There is a woman known to all the employees of Mora as the "Chocolate Lady." With graying braided hair tuffing from beneath an old head scarf, she enters the cafe no less than two or three times per week to sample chocolate flavors that she has, despite her proffered visage of surprised ecstasy, tasted on many occasions. She comes to us with her stories and musings on the cacao bean, unawares to the whisper murmured among coworkers as she crosses the threshold: "chocolate lady is here." Immediately launching into her chocolate dialog, her Athenian presence is more reminiscent of the knave Hermes, for despite her sincerity of bestowing her erroneous ideas on the history of chocolate upon the youth of Mora, she knows how to play the game. Her stories vary day to day; their content unimportant when juxtaposed to their purpose, that being free ice cream. She has sampled many but has slyly never offered a schilling, often abandoning her chocolates to melt into sorrowful puddles on the bar counter as a precursor move of her vanishing act. If intercepted by the register operator before reaching the counter she retreats to try her luck the next day. Few could view her intentions as nefarious, her identity and where she hails from have yet to be garnered. Whether she needs us truly for a sweet treat, or rather is fond of our company and polite counter banter, her jeux is harmless and we let her play it. However, her diagnosis of the cocoa bean strikes me with disagreeable chords, for foxing products is one thing, but askew "historical" information (in my book) is quite another. Unable to claim exact factual expertise on the drug, I had no choice but to commence a wee bit of research so as to quell that nagging (embarrassing) feeling in the back of my head caused by misrepresented "historical" facts. Alors, merci Chocolate Lady, your musings will always be welcome in exchange for a small trifle of fleeting chocolate bliss.
The first consumers of the cocoa bean were not, against popular belief, the Aztecs, but rather the Olmec tribe of the region that is now Venezuela (circa 1000 BCE). The beans first task was to nourish traveling Olmec warriors, the bean was finely ground and added to liquid. Cocoa was a highly valued crop as it was used as a trading medium with neighboring tribes, such as the Mayans who introduced the bean to modern day Mexico around 4oo BCE. The Mayans cultivated a deep adoration of chocolate and created specific chocolate drinking cups for their spicy and pleasurable drink of the ground bean mixed with red pepper and other spices. As with nearly all civilizations in every time period, highly sought after commodities represented wealth and status, reserved only for those of the more noble stations (cocoa will make a reappearance as a luxury of the wealthy and noble upon its introduction into Western Europe). The Aztecs acquired the pallet for cocoa from the (conquered) Mayans. The Aztecs, however, took their cocoa cold, and stewed the ground powder with vanilla and chilies to make a beverage "suitable for the gods." Cortes conquered the Aztec capital Tenochtitlan in 1521, and, noting the monetary value of the Xocoatl bean as a mesoamerican currency, quickly took over the market.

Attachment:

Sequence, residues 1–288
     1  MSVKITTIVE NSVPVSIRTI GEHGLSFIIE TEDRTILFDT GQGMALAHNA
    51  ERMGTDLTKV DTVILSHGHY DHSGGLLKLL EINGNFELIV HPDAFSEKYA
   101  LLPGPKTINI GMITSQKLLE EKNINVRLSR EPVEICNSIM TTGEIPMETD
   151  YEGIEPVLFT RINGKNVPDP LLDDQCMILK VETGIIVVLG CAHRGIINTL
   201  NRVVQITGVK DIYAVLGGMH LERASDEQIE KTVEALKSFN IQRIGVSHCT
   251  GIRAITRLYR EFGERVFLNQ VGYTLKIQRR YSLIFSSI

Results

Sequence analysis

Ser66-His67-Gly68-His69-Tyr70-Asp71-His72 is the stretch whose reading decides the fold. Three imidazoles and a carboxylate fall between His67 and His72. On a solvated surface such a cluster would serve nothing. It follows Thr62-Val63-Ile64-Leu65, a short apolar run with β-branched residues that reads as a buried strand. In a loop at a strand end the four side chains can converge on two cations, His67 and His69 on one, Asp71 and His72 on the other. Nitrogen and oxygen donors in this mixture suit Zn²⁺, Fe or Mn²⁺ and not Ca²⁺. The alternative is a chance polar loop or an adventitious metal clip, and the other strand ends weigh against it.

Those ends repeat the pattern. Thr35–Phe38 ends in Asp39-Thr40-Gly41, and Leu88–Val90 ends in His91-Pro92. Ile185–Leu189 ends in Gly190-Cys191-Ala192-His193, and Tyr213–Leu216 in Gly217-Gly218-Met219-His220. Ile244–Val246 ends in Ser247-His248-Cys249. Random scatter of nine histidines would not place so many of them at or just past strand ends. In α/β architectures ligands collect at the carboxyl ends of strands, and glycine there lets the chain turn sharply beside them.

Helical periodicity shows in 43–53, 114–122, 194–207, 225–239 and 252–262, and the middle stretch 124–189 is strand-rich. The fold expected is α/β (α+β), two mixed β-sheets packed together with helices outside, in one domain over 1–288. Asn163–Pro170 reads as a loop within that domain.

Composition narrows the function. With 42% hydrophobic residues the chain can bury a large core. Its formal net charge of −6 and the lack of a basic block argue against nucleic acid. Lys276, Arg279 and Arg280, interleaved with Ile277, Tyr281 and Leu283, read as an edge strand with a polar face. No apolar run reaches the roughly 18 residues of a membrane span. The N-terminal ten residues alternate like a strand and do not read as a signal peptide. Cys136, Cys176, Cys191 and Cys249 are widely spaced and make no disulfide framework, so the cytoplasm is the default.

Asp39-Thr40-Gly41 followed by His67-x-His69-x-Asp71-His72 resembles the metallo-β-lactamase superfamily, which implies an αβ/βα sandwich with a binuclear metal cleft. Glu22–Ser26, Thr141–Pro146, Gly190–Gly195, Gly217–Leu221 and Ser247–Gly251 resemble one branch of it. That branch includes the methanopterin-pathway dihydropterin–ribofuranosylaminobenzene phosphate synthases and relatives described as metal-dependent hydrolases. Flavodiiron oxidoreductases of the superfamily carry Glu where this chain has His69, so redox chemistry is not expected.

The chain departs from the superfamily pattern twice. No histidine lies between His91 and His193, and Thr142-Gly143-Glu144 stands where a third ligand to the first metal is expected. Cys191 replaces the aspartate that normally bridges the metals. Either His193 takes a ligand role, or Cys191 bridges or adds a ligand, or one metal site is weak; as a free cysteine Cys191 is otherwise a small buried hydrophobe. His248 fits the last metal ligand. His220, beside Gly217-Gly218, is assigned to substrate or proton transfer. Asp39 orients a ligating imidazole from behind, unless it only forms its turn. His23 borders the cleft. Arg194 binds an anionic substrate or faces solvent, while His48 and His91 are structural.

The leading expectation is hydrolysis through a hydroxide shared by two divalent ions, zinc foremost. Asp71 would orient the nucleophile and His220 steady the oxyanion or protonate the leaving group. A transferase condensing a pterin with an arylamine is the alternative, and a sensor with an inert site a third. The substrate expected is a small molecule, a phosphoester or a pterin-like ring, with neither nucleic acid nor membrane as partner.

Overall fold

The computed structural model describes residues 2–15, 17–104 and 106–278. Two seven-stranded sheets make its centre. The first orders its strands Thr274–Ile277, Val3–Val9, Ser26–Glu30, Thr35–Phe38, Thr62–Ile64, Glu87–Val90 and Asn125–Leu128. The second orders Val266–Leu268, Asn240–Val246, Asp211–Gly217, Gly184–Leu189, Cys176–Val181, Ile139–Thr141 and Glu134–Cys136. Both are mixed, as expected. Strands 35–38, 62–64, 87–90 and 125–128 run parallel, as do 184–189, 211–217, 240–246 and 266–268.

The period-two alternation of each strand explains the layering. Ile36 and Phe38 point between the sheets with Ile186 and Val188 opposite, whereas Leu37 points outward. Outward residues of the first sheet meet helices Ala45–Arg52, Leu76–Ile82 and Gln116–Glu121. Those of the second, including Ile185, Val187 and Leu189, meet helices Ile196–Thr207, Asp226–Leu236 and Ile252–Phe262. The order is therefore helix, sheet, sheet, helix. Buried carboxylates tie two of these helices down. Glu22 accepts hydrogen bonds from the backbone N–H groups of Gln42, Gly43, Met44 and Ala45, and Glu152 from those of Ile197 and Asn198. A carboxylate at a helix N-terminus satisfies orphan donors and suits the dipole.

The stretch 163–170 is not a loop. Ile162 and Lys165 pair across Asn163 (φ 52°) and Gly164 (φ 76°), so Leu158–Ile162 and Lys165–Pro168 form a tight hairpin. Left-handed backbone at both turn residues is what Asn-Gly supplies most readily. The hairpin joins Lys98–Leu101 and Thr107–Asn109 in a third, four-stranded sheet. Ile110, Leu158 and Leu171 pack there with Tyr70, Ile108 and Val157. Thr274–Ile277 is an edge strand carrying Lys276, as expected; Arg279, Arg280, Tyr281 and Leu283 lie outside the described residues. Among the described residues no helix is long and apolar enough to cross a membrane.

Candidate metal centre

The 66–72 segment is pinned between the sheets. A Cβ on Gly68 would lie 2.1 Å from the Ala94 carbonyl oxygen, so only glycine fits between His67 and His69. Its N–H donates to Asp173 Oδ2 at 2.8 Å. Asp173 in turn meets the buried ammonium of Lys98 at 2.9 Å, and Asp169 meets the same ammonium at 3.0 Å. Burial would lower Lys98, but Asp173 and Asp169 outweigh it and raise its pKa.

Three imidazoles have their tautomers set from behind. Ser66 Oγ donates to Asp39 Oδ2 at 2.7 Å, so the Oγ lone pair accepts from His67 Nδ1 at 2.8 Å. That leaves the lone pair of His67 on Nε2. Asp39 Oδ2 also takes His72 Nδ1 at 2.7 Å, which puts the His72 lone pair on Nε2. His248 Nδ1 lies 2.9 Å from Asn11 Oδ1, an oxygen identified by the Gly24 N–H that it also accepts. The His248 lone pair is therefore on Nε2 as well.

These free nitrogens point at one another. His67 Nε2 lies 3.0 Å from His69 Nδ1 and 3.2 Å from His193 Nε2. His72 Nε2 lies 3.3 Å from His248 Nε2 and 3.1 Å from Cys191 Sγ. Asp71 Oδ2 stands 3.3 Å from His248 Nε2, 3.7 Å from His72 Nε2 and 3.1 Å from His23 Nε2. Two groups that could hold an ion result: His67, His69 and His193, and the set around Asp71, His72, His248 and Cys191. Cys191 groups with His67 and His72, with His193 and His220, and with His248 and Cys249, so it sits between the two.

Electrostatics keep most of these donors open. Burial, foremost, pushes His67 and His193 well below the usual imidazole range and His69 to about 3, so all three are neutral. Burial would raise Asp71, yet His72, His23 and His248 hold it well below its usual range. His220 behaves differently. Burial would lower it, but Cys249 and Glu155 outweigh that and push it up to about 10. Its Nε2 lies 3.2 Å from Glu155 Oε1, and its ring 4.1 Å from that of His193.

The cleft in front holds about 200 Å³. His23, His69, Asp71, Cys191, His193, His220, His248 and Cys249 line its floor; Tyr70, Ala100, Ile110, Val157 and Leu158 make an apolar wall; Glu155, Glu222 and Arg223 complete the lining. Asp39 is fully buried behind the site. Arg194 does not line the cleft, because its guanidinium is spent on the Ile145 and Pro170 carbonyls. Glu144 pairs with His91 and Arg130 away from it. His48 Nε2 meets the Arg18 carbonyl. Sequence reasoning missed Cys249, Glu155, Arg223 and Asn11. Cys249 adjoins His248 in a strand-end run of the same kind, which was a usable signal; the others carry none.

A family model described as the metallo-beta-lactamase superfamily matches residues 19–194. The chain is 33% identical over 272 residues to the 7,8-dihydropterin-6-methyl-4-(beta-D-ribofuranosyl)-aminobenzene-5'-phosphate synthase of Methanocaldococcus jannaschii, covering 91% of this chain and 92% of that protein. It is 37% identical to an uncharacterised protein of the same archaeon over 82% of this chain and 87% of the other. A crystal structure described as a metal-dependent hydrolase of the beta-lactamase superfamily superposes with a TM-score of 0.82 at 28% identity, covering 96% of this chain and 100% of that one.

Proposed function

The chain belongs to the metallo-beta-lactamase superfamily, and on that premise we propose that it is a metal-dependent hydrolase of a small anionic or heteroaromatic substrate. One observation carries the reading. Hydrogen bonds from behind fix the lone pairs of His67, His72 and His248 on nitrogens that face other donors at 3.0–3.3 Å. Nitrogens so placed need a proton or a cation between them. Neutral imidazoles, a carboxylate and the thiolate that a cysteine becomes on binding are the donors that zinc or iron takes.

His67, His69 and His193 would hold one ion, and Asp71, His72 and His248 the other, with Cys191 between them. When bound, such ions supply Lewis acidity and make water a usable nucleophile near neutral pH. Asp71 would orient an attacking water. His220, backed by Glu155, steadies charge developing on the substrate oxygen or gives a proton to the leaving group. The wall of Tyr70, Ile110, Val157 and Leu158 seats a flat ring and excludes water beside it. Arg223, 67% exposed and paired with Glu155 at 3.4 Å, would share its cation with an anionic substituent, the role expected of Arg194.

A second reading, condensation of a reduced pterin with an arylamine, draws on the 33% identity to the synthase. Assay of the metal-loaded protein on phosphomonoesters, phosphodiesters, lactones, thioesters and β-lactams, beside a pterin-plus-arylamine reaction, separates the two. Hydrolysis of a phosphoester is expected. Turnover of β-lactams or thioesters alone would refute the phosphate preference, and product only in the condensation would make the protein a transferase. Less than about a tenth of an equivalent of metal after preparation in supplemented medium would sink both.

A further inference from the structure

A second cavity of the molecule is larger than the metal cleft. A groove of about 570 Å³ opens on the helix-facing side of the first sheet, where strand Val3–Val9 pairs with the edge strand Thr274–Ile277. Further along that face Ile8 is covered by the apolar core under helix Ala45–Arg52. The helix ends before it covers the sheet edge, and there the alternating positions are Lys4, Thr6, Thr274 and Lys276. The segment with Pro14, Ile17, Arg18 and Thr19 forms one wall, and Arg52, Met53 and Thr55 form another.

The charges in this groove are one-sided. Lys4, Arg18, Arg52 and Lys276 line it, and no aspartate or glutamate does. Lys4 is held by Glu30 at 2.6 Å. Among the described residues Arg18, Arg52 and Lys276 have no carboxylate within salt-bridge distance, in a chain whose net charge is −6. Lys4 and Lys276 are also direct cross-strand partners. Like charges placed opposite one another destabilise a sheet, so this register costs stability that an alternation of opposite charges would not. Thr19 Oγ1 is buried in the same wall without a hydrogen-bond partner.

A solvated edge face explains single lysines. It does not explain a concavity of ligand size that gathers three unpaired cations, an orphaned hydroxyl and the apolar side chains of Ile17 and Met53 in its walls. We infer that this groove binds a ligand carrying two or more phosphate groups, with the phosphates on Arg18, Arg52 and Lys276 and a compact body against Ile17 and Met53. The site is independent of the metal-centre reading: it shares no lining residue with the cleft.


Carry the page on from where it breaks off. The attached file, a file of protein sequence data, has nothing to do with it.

The Spanish introduced the cocoa bean (misspelled from the Mayan cacau) to Europe, a mere addition to the already commodity driven society of the modern era; the cocoa bean joined the coveted "exotic" luxuries of tea, drugs, silk, china, salt and spices. Despite Belgianese claims, the Spanish were the first to sweeten the chocolate drink with sugar, cinnamon, vanilla, and pepper. The popularity of cocoa spread throughout most of Western Europe, chocolate houses emerged in many major urban centers, the precursor to the cultural hub of the coffeehouse, and the drink emerged as highly popular amongst Catholic communities, for (like the cod) it was viewed as ideal nourishment during fasts. In the early nineteenth century the Dutch finally introduced the world to milk chocolate after the invention of a cocoa press that removed nearly all the fat from the bean, resulting in a dry powder that could then be added to milk.
What emerged was a world wide market for creative and sensual niceties: enter the Cadbury family in 1853, the Swiss Henri Nestlé and Rudolphe Lindt in 1879, and the Americans Milton Hershey in 1894, and Frank Mars in 1920. A new culinary field of chocolate erupted: sauces, cakes, kisses, bars, puddings, and drinks. To address briefly Chocolate Lady's favorite subject of discussion--particularly with the male employees--chocolate is overwhelmingly the trifle of love, as a coveted aphrodisiac and symbol for passion (borrowed from the Aztec belief that it stimulated men) it has acquired, if not sustained its reputation as the all time guilty pleasure. Chocolate, from an unromantic scientific perspective contains high levels of phenylethylamine and seratonin which produce happy senses associated with feelings of being in love. I may add though from a personal opinion, that chocolate is useless if not black. Yes! 70% cocoa or higher, I believe that the chocolate palate ripens with age, as I would not touch dark cocoa when I was a child. Chocolate is a world love affair, and aside from those poor souls avec an allergy, none can resist seduction for long. Chocolate is comfort, decadence, passion, and good reading. Though hopefully more palatable than Silverstrein's unwrapped, this account has merely scratched the story of cocoa, there are countless biographies of the bean (Chocolate starring Johny Depp is quite good actually) available for those with the bug for discovery of civilization's secrets. The cocoa bean, again as the cod, deserves a second glance as it has a rich story, and an even richer role in the simple pleasures that remind us of the simple Hershey slogan, Be Happy.